tvHe is only remaining member of original cast
Life and Style
Walking tall: unlike some, Donatella Versace showed a strong and vibrant collection
fashionAlexander Fury on the staid Italian clothing industry
Arts and Entertainment
Gregory Porter learnt about his father’s voice at his funeral
music
News
ebooksAn unforgettable anthology of contemporary reportage
Arts and Entertainment
tvHighs and lows of the cast's careers since 2004
Life and Style
Children at the Leytonstone branch of the Homeless Children's Aid and Adoption Society tuck into their harvest festival gifts, in October 1936
food + drinkThe harvest festival is back, but forget cans of tuna and packets of instant mash
Sport
Lewis Hamilton will start the Singapore Grand Prix from pole, with Nico Rosberg second and Daniel Ricciardo third
F1... for floodlit Singapore Grand Prix
New Articles
i100
Life and Style
Couples have been having sex less in 2014, according to a new survey
life
Latest stories from i100
Have you tried new the Independent Digital Edition apps?
Independent Dating
and  

By clicking 'Search' you
are agreeing to our
Terms of Use.

iJobs Job Widget
iJobs Money & Business

Senior BA - Motor and Home Insurance

£400 - £450 Per Day: Clearwater People Solutions Ltd: **URGENT CONTRACT ROLE**...

Market Risk & Control Manager

Up to £100k or £450p/d: Saxton Leigh: My client is a leading commodities tradi...

SQL Developer - Watford/NW London - £320 - £330 p/d - 6 months

£320 - £330 per day: Ashdown Group: The Ashdown Group have been engaged by a l...

Head of Audit

To £75,000 + Pension + Benefits + Bonus: Saxton Leigh: My client is looking f...

Day In a Page

Scottish referendum: The Yes vote was the love that dared speak its name, but it was not to be

Despite the result, this is the end of the status quo

Boyd Tonkin on the fall-out from the Scottish referendum
Manolo Blahnik: The high priest of heels talks flats, Englishness, and why he loves Mary Beard

Manolo Blahnik: Flats, Englishness, and Mary Beard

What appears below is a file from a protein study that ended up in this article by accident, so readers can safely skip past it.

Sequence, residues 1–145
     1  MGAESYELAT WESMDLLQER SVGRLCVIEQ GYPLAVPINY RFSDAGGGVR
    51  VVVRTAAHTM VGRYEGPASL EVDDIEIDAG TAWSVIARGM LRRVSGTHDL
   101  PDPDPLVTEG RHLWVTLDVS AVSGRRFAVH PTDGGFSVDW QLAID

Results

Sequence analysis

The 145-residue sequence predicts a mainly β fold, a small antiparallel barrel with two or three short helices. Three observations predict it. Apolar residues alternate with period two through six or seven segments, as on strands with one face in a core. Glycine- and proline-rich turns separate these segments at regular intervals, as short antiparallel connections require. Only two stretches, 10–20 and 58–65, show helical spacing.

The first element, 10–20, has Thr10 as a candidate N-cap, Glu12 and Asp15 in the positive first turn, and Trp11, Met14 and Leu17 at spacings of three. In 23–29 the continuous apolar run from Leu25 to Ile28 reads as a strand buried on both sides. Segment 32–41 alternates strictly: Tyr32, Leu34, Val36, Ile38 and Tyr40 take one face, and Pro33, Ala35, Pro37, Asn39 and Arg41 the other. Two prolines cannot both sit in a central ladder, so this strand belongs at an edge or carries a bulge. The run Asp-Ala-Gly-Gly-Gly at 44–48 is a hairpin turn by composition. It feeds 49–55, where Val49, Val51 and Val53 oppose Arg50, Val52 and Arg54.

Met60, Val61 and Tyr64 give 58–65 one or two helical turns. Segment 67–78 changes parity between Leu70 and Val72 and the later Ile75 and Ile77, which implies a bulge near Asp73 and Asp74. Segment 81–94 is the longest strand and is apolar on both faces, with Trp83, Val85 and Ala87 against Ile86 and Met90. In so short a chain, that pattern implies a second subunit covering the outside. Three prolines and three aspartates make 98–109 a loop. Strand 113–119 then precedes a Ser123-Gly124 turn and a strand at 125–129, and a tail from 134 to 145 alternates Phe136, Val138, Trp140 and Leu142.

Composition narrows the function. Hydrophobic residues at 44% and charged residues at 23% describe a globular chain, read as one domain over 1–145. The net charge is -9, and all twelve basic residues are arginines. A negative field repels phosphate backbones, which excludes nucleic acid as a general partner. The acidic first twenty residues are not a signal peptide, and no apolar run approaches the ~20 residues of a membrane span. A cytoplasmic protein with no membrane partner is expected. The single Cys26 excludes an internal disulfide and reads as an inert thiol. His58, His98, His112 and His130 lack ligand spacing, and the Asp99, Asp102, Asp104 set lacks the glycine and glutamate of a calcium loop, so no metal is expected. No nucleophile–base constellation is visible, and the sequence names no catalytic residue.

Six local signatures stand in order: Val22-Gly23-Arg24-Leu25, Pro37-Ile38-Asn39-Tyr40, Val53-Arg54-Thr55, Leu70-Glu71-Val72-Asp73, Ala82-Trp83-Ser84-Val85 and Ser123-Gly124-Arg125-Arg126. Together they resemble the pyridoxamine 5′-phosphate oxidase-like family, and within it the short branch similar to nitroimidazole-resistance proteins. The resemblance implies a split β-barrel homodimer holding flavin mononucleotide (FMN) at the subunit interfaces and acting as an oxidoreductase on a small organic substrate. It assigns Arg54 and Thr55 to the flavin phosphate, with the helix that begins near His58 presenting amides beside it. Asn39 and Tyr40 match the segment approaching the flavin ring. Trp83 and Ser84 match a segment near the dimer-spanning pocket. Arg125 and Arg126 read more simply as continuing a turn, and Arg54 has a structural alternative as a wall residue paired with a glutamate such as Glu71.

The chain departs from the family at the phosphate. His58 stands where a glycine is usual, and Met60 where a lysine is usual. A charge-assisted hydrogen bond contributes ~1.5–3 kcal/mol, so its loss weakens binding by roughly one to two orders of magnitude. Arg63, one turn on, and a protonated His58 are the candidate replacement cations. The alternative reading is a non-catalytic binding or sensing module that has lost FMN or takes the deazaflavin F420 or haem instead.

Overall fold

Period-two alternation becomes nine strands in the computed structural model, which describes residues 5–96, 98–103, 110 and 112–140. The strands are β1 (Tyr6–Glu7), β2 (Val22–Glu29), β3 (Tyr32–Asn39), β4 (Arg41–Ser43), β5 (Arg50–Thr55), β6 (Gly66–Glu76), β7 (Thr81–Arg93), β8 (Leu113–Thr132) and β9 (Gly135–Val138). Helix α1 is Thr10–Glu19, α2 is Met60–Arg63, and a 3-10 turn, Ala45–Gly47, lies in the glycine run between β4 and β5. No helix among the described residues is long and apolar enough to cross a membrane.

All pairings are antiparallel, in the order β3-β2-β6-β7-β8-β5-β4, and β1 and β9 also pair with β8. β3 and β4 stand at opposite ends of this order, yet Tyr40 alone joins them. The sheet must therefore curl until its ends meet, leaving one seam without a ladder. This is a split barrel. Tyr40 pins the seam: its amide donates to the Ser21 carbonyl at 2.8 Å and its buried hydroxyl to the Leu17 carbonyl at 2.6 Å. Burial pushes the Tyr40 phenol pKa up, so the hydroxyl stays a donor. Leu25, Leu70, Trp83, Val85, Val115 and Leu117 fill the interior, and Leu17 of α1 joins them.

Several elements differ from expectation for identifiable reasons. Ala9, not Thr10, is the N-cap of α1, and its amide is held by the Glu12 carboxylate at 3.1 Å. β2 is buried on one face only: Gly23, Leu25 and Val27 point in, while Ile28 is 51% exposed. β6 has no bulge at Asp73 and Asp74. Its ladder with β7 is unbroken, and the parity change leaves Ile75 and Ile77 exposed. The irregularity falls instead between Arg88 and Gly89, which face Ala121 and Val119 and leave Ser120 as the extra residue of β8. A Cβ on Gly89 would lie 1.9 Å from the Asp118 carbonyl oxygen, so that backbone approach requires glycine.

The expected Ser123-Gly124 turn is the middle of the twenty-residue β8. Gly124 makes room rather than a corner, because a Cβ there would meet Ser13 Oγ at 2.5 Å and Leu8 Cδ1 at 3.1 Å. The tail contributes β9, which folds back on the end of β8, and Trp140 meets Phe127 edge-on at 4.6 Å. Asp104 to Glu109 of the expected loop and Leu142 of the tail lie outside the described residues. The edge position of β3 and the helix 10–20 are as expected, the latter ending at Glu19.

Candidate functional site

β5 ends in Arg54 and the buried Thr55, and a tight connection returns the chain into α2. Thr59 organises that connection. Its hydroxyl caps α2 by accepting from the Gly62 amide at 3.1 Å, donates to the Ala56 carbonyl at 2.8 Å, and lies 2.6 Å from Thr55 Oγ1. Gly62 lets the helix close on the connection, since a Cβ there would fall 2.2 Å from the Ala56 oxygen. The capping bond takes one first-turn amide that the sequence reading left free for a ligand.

The shoe designer who has been dubbed 'the patron saint of the stiletto'
The Beatles biographer reveals exclusive original manuscripts of some of the best pop songs ever written

Scrambled eggs and LSD

Behind The Beatles' lyrics - thanks to Hunter Davis's original manuscript copies
'Normcore' fashion: Blending in is the new standing out in latest catwalk non-trend

'Normcore': Blending in is the new standing out

Just when fashion was in grave danger of running out of trends, it only went and invented the non-trend. Rebecca Gonsalves investigates
Dance’s new leading ladies fight back: How female vocalists are now writing their own hits

New leading ladies of dance fight back

How female vocalists are now writing their own hits
Mystery of the Ground Zero wedding photo

A shot in the dark

Mystery of the wedding photo from Ground Zero
His life, the universe and everything

His life, the universe and everything

New biography sheds light on comic genius of Douglas Adams
Save us from small screen superheroes

Save us from small screen superheroes

Shows like Agents of S.H.I.E.L.D are little more than marketing tools
Reach for the skies

Reach for the skies

From pools to football pitches, rooftop living is looking up
These are the 12 best hotel spas in the UK

12 best hotel spas in the UK

Some hotels go all out on facilities; others stand out for the sheer quality of treatments
These Iranian-controlled Shia militias used to specialise in killing American soldiers. Now they are fighting Isis, backed up by US airstrikes

Widespread fear of Isis is producing strange bedfellows

Iranian-controlled Shia militias that used to kill American soldiers are now fighting Isis, helped by US airstrikes
Topshop goes part Athena poster, part last spring Prada

Topshop goes part Athena poster, part last spring Prada

Shoppers don't come to Topshop for the unique
How to make a Lego masterpiece

How to make a Lego masterpiece

Toy breaks out of the nursery and heads for the gallery
Meet the ‘Endies’ – city dwellers who are too poor to have fun

Meet the ‘Endies’ – city dwellers who are too poor to have fun

Urbanites are cursed with an acronym pointing to Employed but No Disposable Income or Savings
Paisley’s decision to make peace with IRA enemies might remind the Arabs of Sadat

Ian Paisley’s decision to make peace with his IRA enemies

His Save Ulster from Sodomy campaign would surely have been supported by many a Sunni imam